Rome during Spring and Summer

Spring in Rome can be beautiful.  That said, Rome in March will sometimes reward you with warm, sunny days and nights that occasionally demand a light sweater or jacket. In 2005, however, the temperatures in mid-March dipped below freezing and never got above 50 degrees F during the day. 

In early May, the azaleas are placed along the Spanish Steps, and create a wonderful flurry of color. Through June, the temperatures are warm but bearable, outdoor dining is a pleasure, and for those who enjoy the beach, Fregene and Ostia are short rides away on public transportation.  Fregene, by the way, is the cleaner, less polluted of the two beaches.  Temperatures range from the 70s to 80s Fahrenheit and it is relatively dry.  

Be aware that while Holy Week (which can fall any time between mid-March to late April, depending on the calendar), is a beautiful and sacred celebration in Rome, it is also one of the most crowded times to be in Rome. Spring typically starts the "high season" for accommodation prices.

July and August can be oppressively hot.  A visit in August is not recommended, despite the lure of lower hotel prices.  Romans traditionally take a break from the city during this time, and some businesses (particularly those that do not cater to tourists) and restaurants close shop.  It is called "Ferragosto," the month-long vacation Romans take to beat the heat and head to the Castelli (the hills outside Rome such as Frascati, Albano, and, in the case of the Pope, Castel Gandolfo).  The term actually refers to the Roman Catholic feast of the Assumption of the Blessed Virgin Mary, celebrated on August 15.  Most sights remain open during August and most restaurants stay open in the historic center, although they may close for a week or so.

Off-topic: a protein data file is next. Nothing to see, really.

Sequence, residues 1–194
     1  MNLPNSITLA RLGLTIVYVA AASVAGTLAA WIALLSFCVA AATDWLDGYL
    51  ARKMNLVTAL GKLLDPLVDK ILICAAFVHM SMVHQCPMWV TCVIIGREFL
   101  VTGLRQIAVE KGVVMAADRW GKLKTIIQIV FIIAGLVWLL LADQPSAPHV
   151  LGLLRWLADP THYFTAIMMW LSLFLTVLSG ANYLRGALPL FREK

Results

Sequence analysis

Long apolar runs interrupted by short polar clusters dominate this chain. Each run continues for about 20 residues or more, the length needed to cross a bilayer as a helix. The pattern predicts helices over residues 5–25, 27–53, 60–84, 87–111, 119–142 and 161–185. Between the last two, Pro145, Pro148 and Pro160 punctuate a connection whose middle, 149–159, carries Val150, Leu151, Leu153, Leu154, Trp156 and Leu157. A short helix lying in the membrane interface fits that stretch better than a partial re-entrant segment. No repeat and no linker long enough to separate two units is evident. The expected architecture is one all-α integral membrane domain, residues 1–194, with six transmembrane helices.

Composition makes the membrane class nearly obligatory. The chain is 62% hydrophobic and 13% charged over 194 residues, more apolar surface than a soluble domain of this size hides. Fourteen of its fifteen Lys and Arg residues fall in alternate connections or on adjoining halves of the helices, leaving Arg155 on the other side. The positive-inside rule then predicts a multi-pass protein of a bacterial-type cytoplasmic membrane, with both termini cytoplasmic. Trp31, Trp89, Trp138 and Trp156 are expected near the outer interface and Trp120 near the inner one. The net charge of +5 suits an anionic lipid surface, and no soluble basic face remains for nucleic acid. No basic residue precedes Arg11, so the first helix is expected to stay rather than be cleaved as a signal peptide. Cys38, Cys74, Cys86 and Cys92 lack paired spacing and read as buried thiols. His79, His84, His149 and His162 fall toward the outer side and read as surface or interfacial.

Drink plenty of water during the hot months, and despite whatever you heard, the water flowing from any public drinking fountain (from the artistic lion's mouth to the one that look like taller fire-hydrants), is safe, clean and refreshing.

Rome during Autumn and Winter

September is a lovely time to visit Rome, but can be quite warm. In October, temperatures are still warm, generally in the 70s, and the sun creates this golden glow as the day progresses into evening. But you can get sudden and heavy downpours and evening can have a sharp drop in temperatures. Expect "high season" pricing for accommodation during these months.

What should one expect during late fall and winter?  The rainy season starts in November -- be prepared for downpours.  You can watch the Tevere (Tiber) rise along its walled banks, covering the walkways used in the drier months.  This continues pretty much through February (which can be quite rainy), but the weather can be unpredictable.  Since snowstorms in Rome are pretty unusual, moving around the Eternal City covered in snow may take longer.

With the Mediterranean climate, weather patterns can be unpredictable.  There are smaller crowds at this time and it will be just slightly easier getting restaurant reservations or standing in somewhat shorter lines at attractions and museums, except the Vatican Museums, where long lines exist year-round.  Accommodation prices will be lower during this season, excluding the holidays.

Christmas in Rome is lovely. The holiday season is busy, so you may encounter higher accommodation prices over Christmas and New Year's Eve.

Rome Tourist Office info on weather here.